Second, in this study, the MDD patients were referred to the University of Tokyo Hospital, a tertiary care hospital, for the assessment of depressive symptoms that were refractory to treatment. The high percentage of patients taking antipsychotic medications and mood stabilizers, despite being diagnosed with MDD according to the Diagnostic and Statistical Manual Mental Disorders, indicates that the subjects in this study were not typical MDD patients. The study also included many patients from the longitudinal study, many of whom were already in the remission phase of their depressive symptoms. Besides, this study suggests that antipsychotic medications have various effects on RSFCs. Therefore, the RSFC characteristics and their correlations with clinical variables in the MDD group are likely to be influenced by antipsychotic medications. Therefore, careful consideration is required when the study results are extrapolated to a more typical depressed group, who are non-medicated or solely taking antidepressants.

Summary

The present study used a whole-head NIRS system to elucidate RSFC patterns characteristic of MDD. Compared with the HC group, MDD patients had a lower RSFC between the left DLPFC and parietal lobe, which may constitute the CCN. The RSFC in the CCN was negatively correlated with the severity of depressive symptoms and dosage of antipsychotic medication and positively correlated with the level of functioning. Therefore, these might reflect an individual's depressive status rather than the trait predisposing to depression. This study confirms that abnormalities in RSFC patterns in major depressive disorders, as identified by previous fMRI studies, can be partially detected by measuring the resting-state brain activities using NIRS. Combining the convenience of measuring the brain activity using NIRS and the ease of performing resting-state measurements (no requirement for cognitive tasks), NIRS-based measurements of RSFCs have potential clinical applications. Therefore, further studies validating the result of our findings and those of the NIRS-based RSFC measurements in other psychiatric disorders are warranted.

Data Availability Statement

The datasets analyzed during the current study are not publicly available due to ethical considerations in this study but are available from the corresponding author on reasonable request, with the approval of the Research Ethics Committee of the Faculty of Medicine of the University of Tokyo.

Ethics Statement

The studies involving human participants were reviewed and approved by The Research Ethics Committee of the Faculty of Medicine of the University of Tokyo (Approval No. 630, 3202, 3361). The patients/participants provided their written informed consent to participate in this study.

Author Contributions

YS, NK, and KK designed the study. Data were collected by ES, YS, JM, MY, HS, and NK. ES analyzed and interpreted the data with intellectual input from YS, JM, SK, NO, HS, MY, and KK. ES wrote the manuscript, which was revised by YS, SK, and KK. All the authors have approved the final manuscript.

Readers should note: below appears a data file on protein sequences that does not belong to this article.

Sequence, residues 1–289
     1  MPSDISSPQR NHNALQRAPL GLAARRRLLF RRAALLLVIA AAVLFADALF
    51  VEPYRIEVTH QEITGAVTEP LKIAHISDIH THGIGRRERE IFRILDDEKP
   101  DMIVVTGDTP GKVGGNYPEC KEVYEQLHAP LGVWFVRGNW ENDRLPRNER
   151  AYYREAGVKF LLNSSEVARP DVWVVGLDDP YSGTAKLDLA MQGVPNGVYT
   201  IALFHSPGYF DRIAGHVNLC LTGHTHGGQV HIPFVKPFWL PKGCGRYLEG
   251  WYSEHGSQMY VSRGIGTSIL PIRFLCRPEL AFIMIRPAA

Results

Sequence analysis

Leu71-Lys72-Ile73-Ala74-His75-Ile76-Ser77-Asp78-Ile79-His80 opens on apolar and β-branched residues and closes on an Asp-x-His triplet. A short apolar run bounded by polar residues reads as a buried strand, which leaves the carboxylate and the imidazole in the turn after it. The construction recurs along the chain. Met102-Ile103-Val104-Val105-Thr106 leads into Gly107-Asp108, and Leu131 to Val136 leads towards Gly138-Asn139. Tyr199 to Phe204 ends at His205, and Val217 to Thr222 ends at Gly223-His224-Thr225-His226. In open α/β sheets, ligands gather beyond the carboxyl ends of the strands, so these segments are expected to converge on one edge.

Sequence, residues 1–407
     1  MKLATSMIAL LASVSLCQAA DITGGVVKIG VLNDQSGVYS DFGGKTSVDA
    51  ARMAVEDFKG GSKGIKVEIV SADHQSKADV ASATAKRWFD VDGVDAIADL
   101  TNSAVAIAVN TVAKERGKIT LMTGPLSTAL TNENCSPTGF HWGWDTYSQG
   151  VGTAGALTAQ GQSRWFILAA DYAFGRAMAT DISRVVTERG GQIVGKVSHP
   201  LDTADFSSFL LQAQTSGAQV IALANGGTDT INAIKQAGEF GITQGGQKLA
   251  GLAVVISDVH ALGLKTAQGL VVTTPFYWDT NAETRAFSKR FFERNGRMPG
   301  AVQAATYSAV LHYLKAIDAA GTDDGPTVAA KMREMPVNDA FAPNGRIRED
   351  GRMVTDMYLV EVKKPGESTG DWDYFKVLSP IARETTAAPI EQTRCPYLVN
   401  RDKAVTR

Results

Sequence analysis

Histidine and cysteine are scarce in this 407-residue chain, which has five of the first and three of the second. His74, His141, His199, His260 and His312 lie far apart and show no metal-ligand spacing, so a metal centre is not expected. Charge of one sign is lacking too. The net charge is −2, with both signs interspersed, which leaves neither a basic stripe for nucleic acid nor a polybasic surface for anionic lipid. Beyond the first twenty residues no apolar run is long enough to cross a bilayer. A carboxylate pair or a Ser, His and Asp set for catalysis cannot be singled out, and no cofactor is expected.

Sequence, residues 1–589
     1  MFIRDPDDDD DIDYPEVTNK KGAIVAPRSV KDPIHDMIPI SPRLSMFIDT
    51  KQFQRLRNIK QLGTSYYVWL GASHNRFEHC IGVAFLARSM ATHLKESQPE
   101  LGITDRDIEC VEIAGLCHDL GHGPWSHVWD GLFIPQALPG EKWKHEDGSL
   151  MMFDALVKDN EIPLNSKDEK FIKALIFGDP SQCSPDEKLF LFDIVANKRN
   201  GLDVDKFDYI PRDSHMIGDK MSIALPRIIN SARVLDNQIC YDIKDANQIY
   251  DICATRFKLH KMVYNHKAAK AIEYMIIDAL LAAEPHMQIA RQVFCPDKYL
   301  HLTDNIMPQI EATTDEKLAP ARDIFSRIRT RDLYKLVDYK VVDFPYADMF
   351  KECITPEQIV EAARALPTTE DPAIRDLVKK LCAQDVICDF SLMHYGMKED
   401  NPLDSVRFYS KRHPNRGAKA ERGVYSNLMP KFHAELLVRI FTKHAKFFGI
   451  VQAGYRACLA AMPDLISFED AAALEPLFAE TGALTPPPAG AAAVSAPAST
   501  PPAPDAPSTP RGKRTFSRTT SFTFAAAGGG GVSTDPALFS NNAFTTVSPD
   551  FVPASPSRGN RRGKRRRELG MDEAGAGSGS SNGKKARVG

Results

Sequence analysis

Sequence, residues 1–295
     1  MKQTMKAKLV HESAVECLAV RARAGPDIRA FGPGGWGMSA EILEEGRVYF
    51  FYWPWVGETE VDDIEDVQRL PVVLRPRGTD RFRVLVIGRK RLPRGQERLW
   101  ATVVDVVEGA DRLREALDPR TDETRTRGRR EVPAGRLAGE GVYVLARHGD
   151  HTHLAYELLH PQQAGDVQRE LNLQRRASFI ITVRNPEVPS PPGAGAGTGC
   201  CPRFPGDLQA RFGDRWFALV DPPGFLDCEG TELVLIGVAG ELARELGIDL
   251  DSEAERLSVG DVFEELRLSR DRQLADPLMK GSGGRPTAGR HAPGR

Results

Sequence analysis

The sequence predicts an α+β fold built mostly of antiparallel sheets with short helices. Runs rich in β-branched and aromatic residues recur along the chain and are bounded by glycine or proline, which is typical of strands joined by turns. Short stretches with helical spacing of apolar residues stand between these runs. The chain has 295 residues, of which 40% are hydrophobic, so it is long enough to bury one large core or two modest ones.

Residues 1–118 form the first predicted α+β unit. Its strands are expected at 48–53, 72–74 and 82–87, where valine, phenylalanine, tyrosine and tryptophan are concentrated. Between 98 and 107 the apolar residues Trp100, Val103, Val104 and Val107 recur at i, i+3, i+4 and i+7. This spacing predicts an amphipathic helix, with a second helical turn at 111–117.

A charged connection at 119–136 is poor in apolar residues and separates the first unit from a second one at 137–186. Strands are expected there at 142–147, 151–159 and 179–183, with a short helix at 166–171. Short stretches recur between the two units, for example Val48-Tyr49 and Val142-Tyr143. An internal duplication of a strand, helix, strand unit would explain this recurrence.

Funding

This study was supported by JSPS KAKENHI [Grant Nos. 20H03596 (KK), 20K16642 (YS), and 20K16665 (ES)], the Brain Mapping by Integrated Neurotechnologies for Disease Studies (Brain/MINDS) from Japan Agency for Medical Research and Development, AMED under Grant No. JP20dm0207069, and the Grants-in-Aid for Scientific Research on Innovative Areas by MEXT, Japan: Elucidation of social stratification mechanism and control over health inequality in contemporary Japan: New interdisciplinary area of social and health sciences project [Grant No. 21119003 to NK]. This study was also supported by the University of Tokyo Center for Integrative Science of Human Behavior (CiSHuB) and the International Research Center for Neurointelligence (IRCN) at the University of Tokyo Institutes for Advanced Study (UTIAS). The funders had no role in the study design, data collection and analysis, publication decision, or manuscript preparation.

Conflict of Interest

The authors declare that the research was conducted in the absence of any commercial or financial relationships that could be construed as a potential conflict of interest.

Acknowledgments

We thank Hideki Hashimoto for providing the data from J-SHINE studies. We also thank all the participants of the study and the staff who helped with the psychiatric assessment.

Abbreviations

MDD, major depressive disorder; NIRS, near-infrared spectroscopy; fMRI, functional magnetic resonance imaging; RSFC, resting-state functional connectivity; DMN, default mode network; CCN, cognitive control network; HC, healthy control; eIQ, estimated (premorbid) intelligence quotient; SSS, Stanford sleepiness scale; HAMD, 17-item Hamilton rating scale for depression; CESD, Center for Epidemiologic Studies depression scale; GAF, global assessment of functioning; oxy-Hb, oxygenated hemoglobin; deoxy-Hb, deoxygenated hemoglobin; FDR, false discovery rate; DLPFC, dorsolateral prefrontal cortex; OFC, orbitofrontal cortex; VLPFC, ventrolateral prefrontal cortex.

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Keywords: major depressive disorder, resting-state functional connectivity, near-infrared spectroscopy, cognitive control network, partial correlation analysis

Citation: Sakakibara E, Satomura Y, Matsuoka J, Koike S, Okada N, Sakurada H, Yamagishi M, Kawakami N and Kasai K (2021) Abnormality of Resting-State Functional Connectivity in Major Depressive Disorder: A Study With Whole-Head Near-Infrared Spectroscopy. Front. Psychiatry 12:664859. doi: 10.3389/fpsyt.2021.664859

Received: 06 February 2021; Accepted: 25 March 2021;
Published: 29 April 2021.

Edited by:

Szilvia Anett Nagy, University of Pécs, Hungary

Reviewed by:

Xi-Nian Zuo, Beijing Normal University, China
Hong Yang, Zhejiang University, China

Copyright © 2021 Sakakibara, Satomura, Matsuoka, Koike, Okada, Sakurada, Yamagishi, Kawakami and Kasai. This is an open-access article distributed under the terms of the Creative Commons Attribution License (CC BY). The use, distribution or reproduction in other forums is permitted, provided the original author(s) and the copyright owner(s) are credited and that the original publication in this journal is cited, in accordance with accepted academic practice. No use, distribution or reproduction is permitted which does not comply with these terms.

*Correspondence: Eisuke Sakakibara, sakakibara-tky@umin.ac.jp